Tuesday, January 31, 2012

Living a Nightmare

Living a Nightmare

Desperate and hopeless Joaquin Luna Jr. took his own life.  He dreamed of someday becoming either an engineer or an architect.  Joaquin will never live that dream.  Yanelli Hernandez was deported to Mexico yesterday.  Like Joaquin, she also had dreams, but she suffered from depression and a serious mental illness that resulted in her attempting to commit suicide while facing imminent removal from the United States.  ICE denied an emergency stay of removal citing lack of evidence of her mental illness.  The response from ICE begs the question of how many undocumented persons suffer from mental illness or depression but are not receiving much needed treatment or medication.  

 The memorandum by Immigration and Customs Enforcement Director John Morton, Exercising Prosecutorial Discretion Consistent with the Priorities of the Agency for the Apprehension, Detention, and Removal of Aliens (aka the Prosecutorial Discretion memo), listed 19 factors to that an ICE agent may consider when weighing whether he should exercise prosecutorial discretion and, in some cases, grant a stay of removal.  The list is not exhaustive and no one factor is determinative.  One of the factors listed is if the person suffers from a severe mental illness.  While I’m not a doctor or psychologist, I would venture to guess that many people with depression keep their emotions pent up.  The National Institute of Mental Health estimates that 9.5% of the adult American population suffers from depressive disorder.  That statistic doesn’t consider people like Joaquin or Yanelli.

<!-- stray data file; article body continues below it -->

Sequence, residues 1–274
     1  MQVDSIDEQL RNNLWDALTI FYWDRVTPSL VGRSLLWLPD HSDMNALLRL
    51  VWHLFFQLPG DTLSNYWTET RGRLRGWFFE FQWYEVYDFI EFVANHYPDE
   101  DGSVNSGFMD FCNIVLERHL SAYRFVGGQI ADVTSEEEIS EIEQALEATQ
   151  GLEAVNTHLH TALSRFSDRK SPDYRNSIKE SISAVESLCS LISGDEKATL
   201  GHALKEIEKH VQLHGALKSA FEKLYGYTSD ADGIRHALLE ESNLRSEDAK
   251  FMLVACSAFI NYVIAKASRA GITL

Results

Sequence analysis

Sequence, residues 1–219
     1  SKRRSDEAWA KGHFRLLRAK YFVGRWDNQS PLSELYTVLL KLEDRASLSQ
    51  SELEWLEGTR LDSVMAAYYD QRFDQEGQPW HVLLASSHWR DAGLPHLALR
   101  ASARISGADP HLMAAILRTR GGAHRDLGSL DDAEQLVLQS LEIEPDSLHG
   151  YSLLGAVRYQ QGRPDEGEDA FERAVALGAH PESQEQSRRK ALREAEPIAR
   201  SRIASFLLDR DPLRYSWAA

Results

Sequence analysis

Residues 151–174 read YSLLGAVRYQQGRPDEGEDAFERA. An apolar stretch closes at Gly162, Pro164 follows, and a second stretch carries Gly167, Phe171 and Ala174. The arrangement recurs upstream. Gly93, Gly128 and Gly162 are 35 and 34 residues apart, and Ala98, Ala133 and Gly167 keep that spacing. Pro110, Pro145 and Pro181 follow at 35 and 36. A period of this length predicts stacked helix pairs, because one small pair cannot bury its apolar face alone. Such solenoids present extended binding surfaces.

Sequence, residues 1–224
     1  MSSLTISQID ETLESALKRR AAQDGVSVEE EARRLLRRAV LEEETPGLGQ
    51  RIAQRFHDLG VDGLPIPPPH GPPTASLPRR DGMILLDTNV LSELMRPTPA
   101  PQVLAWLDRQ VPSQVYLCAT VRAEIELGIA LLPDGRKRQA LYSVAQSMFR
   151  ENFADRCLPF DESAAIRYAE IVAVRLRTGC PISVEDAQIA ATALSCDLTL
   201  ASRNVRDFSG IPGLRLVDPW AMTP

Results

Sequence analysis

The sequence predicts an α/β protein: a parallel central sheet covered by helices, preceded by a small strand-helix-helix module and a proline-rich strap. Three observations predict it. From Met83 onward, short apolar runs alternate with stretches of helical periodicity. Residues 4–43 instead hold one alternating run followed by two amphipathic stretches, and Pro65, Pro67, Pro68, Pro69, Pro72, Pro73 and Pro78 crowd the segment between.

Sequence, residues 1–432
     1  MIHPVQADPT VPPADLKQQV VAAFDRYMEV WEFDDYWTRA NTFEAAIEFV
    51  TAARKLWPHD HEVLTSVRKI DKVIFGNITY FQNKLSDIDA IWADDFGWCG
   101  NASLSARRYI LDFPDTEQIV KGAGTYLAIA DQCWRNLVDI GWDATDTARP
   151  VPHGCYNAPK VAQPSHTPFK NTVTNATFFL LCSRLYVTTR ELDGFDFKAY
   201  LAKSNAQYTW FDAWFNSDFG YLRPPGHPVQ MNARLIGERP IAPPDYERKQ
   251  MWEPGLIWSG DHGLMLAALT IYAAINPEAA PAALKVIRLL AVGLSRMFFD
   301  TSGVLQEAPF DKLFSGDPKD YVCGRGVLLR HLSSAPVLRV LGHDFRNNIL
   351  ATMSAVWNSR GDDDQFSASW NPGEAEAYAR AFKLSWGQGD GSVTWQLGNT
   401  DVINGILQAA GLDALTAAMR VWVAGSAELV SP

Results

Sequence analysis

So, imagine if you are in a country where you have an uncertain future.  You want to achieve and make a better life for yourself and your parents, but you are not sure if you can even go to college or join the military.  You cannot leave the U.S. because there is a high risk of facing long-term or permanent separation from family and friends.  For many undocumented persons, they came to the U.S. at a young age and know only this country (“DREAMers”). Finally, to compound your problems, you can’t even trust the two largest political parties in this country.  Note to Republican and Democratic parties: we know that all you care about is wooing future potential voters, but perhaps you could be a bit more discreet and attempt to show some compassion for humans rather than your own political future.